China’s stock market has had a bad year, but the country’s game industry remains strong and on track to grow dramatically over time. That’s the underlying belief behind Chinese game market analyst firm Niko Partners’ annual predictions for the digital games industry in China for 2016.
Lisa Cosmas Hanson, founder of Niko Partners, passed along the company’s 14 top predictions for the year. It expects overall revenues for the entire Chinese game market — PC online, mobile, and console games — to be $26 billion. Niko also predicts that mobile games will rise from $5.5 billion domestically (excluding export revenue of $1.3 billion) in 2015 to $11.1 billion in 2019. That’s healthy growth, but it also means that China is over the hump in terms of its peak growth rate for mobile games. (In this category, Niko only measures revenue generated in China).
It predicts the market for esports — such as professional or amateur tournaments with games such as League of Legends (a online strategy phenomenon) — will also grow. Hundreds of millions of Chinese gamers play and watch esports already. Highly regarded esports commentators earn about $1.5 million per year, just as announcers for esports tournaments.
And as Alphabet (Google’s new parent company) has signaled, the Google Play store will likely debut in China during 2016, boosting Android game downloads and advertising campaigns for mobile games.
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Niko Partners expect virtual reality will also hit the Chinese market in a big way, and Chinese companies will build products that compete against VR titans such as Oculus and Sony. This year’s ChinaJoy 2016 show in July 2016 will have a large special VR section.
Meanwhile, investment in Internet cafes, where many Chinese play PC games, rose in 2015 across multiple metropolitan regions. Niko expects that investment to continue, fueled by demand for multiplayer online battle arena (MOBA) games such as League of Legends and Dota 2. Internet cafes will also be strengthened by the interest in esports.
Tencent will probably continue to dominate the Chinese games industry, but it will feel competitive pressure for the first time in a while from NetEase and other more focused game companies. And while the Chinese took a pause because of stock market turmoil in 2015, Niko expects them to invest more capital in growth and market share. There are 171 publicly traded Chinese game companies, 136 of them traded on local Chinese exchanges, 17 in Hong Kong, and 18 in the U.S. The domestic stock market in China will likely see an increase in game company listings, though there is currently a ban on initial public offerings.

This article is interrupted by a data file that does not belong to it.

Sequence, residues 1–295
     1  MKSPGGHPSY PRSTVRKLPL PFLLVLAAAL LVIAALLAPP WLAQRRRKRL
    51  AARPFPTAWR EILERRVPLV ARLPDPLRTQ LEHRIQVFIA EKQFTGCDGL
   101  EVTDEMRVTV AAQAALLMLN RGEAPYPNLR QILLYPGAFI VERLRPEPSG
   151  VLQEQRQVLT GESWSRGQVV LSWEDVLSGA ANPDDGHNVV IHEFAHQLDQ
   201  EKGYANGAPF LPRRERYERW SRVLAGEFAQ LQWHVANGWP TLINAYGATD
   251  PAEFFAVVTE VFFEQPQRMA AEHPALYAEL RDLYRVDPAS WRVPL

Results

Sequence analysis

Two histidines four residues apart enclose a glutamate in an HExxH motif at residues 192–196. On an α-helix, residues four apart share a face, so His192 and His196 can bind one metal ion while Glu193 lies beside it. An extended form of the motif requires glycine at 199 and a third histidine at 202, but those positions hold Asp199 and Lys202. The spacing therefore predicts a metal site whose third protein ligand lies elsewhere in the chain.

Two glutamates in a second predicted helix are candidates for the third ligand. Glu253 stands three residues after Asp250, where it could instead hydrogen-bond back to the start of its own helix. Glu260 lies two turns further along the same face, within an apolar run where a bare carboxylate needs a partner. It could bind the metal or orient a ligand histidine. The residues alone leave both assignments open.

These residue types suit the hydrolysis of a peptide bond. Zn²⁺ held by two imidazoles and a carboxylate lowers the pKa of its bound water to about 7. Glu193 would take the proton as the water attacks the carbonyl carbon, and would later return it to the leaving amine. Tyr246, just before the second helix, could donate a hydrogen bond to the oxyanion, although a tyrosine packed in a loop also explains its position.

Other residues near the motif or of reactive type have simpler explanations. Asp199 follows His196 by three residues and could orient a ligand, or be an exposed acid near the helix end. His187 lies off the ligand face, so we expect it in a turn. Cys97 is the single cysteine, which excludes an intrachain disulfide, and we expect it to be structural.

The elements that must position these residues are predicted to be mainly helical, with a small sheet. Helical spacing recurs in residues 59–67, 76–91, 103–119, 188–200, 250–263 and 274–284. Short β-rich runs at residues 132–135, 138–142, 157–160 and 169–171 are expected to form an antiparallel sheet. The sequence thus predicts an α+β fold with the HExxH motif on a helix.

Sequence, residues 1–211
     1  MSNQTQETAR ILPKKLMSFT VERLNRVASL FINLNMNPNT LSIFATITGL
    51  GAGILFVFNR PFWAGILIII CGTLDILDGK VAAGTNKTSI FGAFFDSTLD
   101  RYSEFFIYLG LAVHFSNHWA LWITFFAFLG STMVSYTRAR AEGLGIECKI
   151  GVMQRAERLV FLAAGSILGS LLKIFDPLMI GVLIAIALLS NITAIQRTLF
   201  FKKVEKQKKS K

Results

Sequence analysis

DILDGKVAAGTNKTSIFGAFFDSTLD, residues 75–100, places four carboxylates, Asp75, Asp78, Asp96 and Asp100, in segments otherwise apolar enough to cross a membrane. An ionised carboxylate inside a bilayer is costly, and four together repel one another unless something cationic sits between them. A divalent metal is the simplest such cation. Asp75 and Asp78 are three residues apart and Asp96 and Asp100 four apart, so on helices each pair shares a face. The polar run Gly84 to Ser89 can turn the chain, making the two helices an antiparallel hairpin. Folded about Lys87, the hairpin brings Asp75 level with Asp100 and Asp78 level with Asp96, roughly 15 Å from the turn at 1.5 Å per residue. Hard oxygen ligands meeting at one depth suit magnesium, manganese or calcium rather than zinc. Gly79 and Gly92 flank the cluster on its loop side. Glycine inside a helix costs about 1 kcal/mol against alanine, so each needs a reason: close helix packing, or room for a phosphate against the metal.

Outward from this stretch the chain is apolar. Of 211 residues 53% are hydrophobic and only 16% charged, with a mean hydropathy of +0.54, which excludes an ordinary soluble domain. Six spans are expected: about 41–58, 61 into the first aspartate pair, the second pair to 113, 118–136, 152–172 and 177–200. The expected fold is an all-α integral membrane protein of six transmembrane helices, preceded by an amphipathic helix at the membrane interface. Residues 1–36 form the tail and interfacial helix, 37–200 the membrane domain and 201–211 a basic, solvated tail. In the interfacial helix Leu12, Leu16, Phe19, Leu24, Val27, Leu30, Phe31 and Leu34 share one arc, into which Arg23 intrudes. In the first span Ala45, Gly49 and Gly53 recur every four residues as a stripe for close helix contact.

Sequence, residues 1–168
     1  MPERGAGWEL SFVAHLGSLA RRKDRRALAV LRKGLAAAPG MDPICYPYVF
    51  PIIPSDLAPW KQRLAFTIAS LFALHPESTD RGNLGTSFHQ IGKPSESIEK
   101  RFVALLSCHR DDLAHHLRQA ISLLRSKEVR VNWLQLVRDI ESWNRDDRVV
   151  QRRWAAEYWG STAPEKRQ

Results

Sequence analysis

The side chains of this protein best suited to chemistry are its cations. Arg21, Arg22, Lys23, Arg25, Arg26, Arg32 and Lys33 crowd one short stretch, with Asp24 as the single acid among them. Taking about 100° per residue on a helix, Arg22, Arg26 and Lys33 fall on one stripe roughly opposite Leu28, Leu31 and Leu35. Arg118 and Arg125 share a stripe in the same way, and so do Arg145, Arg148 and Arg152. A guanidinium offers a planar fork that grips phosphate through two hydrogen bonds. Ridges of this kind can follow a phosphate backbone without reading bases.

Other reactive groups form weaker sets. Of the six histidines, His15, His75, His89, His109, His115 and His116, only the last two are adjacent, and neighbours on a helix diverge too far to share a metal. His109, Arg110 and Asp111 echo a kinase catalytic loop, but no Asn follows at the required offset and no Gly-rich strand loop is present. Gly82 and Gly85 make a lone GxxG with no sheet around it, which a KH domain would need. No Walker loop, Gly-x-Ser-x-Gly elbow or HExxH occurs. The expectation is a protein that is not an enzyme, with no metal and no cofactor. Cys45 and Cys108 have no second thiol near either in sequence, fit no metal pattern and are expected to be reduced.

Because the market is crowded, Niko expects consolidation of small and mid-sized game companies in all segments, and especially among mobile game developers. The Chinese government approved 750 games in 2015, including 320 mobile games.
The strong dollar means that Chinese game companies may find it more expensive to license foreign titles and game intellectual property, and for Chinese gamers to play foreign games. Because IP will be more expensive, developers will be inspired to build more original games. The Chinese may also license other Chinese entertainment for use in games.
Cross-platform play from the PC to mobile will likely become more important, Niko said.
“Even more interestingly, we anticipate a trans-media entertainment approach, where games turn into books and movies and TV shows, and movies and TV shows turn into books and games, and books turn into movies and TV shows and games,” Niko said.
Niko also predicted that the growth rate PC online game revenue will continue to decline, and sales of consoles and console games will be flat in China. Domestic TV-based gaming boxes will likely see modest growth.
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